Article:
Central Virginia Regional Library

October Recommendations

A Fatal Lie by Charles Todd

Inspector Ian Rutledge is sent by Scotland Yard to a peaceful village in Wales to investigate the death of an unidentifiable man from an aqueduct. The death first appears to be accidental, but quickly turns to murder as the inspector hunts for clues to the man’s identity.

– Bonnie

A Fatal Lie is available in print at the Farmville Library

 

US (2019 Movie)

Us, a 2019 horror film, was written and directed by Jordan Peele.  The film has underlying tones comparable to Get Out (2017) and Antebellum (2020).  The film begins with the young Adelaide, who runs into her evil doppelgänger at the Santa Cruz Beach Boardwalk’s house of mirrors.  The frightening encounter leaves her understandably traumatized.  As an adult, Addy struggles when her husband convinces her to finally allow their family to go on a beach vacation at the Boardwalk.  Addy’s fears are validated when the doppelgängers return, wreaking havoc on the family and twisting their reality.

– Chelsea

 Us is available on DVD at the Farmville Library.

 

Pretty Girls by Karen Slaughter

Pretty Girls, by Karin Slaughter, is a dark thriller about  three sisters, one of whom went missing when they were teenagers.  This is a high-speed and anxiety-inducing read, but I couldn’t look away from the brutality and grief within.  I’ve never felt such deep catharsis as I did at its conclusion.  Content Warnings: There are graphic descriptions of manipulation, torture, and sexual violence herein.  Please read with caution.

– Max

Pretty Girls is available in print at the Farmville Library, as an eBook and audiobook on Libby, and as an eBook on Hoopla.

 

ExtraOrdinary, Issue #1  by V.E. Schwab

Acclaimed fantasy author V.E. Schwab’s newest comic series takes place in the same universe as her novels Vicious and Vengeful. ExtraOrdinaries, referred to as EOs, are people brought back from the brink of death who have gained superhuman abilities. College students Victor Vale and Eli Ever (two superhero names if you ever heard them, right?) both have an interest in medical research, but their experiments to become ExtraOrdinaries get out of hand quickly. Now, Eli’s working with the ExtraOrdinary Observation and Neutralization agency to seek vengeance not only against Victor, but to fulfill what he believes is a calling from God to destroy all of the other EOs. Years later, teenager Charlotte Tills survives an accident with the ability to see how everyone she looks at will die – and is determined to kill “The EO Killer” Eli Ever before he catches up to her.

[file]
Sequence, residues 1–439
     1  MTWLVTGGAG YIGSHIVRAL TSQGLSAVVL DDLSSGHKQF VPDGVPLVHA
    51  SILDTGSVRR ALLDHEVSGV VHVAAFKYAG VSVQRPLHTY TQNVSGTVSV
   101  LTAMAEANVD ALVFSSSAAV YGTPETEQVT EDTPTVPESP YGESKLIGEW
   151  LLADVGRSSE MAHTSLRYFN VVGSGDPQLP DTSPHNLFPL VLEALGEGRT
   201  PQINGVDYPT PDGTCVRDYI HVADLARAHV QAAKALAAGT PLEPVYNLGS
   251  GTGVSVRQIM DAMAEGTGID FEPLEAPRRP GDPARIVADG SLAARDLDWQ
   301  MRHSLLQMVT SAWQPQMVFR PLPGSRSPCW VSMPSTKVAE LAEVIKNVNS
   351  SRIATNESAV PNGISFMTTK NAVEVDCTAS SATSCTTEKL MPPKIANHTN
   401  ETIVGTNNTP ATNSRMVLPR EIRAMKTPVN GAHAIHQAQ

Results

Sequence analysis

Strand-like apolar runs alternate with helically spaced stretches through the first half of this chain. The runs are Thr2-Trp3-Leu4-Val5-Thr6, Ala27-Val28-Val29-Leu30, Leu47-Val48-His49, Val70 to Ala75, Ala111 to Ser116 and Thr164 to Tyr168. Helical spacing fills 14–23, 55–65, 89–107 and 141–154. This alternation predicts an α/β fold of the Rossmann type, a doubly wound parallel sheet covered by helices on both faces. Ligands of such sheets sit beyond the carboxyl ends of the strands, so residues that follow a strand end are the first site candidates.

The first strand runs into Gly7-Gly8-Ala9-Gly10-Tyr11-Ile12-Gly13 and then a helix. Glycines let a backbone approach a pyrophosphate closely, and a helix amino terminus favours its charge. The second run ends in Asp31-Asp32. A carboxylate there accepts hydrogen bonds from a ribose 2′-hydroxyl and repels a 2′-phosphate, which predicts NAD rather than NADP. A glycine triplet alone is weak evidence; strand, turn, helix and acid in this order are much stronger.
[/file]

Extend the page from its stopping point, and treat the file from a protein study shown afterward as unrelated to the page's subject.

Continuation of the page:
– Megan

 ExtraOrdinary, Issues Zero through Four are available as eBooks on Hoopla.

 

Lock Every Door by Riley Sager

A young woman, without family or money, finds herself accepting a job to become an apartment sitter at the Bartholomew, one of Manhattan’s most famous and secretive buildings. At first everything seems idyllic and wonderful until the apartment complex starts revealing its hidden past – a past full of murders, disease, and cult followings. Lock Every Door has the perfect amount of suspense and horror to keep you reading well past your bedtime.

– Morgan

 Lock Every Door is available in print at the Farmville Library and as an eBook and audiobook on Libby.

 

Lovesickness by Junji Ito

October is upon us and I am sure many people want to read something horror related to really get into the mood of the spookiest month of the year.  Lovesickness, by Junji Ito, is something that may help you do just that.  The manga is a short collection of horror works with illustrations that make me have chills by just looking at them.  Quite a few of the stories take place in the same setting, somewhat like an anthology, but not all of them are explicitly connected.  It may be a bit different due to it being a translated work, meaning one may not get all the references, but it still delivers and is a fascinating look into stories from another part of the world.

– Noah

Lovesickness is available in print at the Farmville Library.

 

The Pianist by Wladyslaw Szpilman

This is a true story reported by a survivor of the extermination program perpetrated by the Nazis between 1939 and 1945 in the ghettos of Warsaw, Poland.  The horrors recounted by this one survivor should leave a lasting impression on the reader.  Brutally graphic in its details of the violence, Szpilman poignantly describes what became “normal” for him and for the occupants of the ghettos.

– Virginia

 The Pianist is available in print at the Farmville Library.

 

Black Ice by Brad Thor

As his summer-long vacation in Norway is coming to a close, Scot Harvath is facing a potentially life-changing decision.  As America’s top spy, will Harvath return to work or will he submit his resignation and begin the next chapter of his life?  That question answers itself, however, when Harvath encounters a man that he is certain that he killed several years earlier.  Soon, well north of the Arctic Circle, Harvath is thrust into a race against time that will push him to limits that very few human beings can even hope to endure.  If Harvath fails in his mission, the United States – as well as its allies – will find themselves at the mercy of one of the most dangerous actors the world has ever seen.

– William

 Black Ice is available in print at the Farmville Library and as an eBook and audiobook on Libby.

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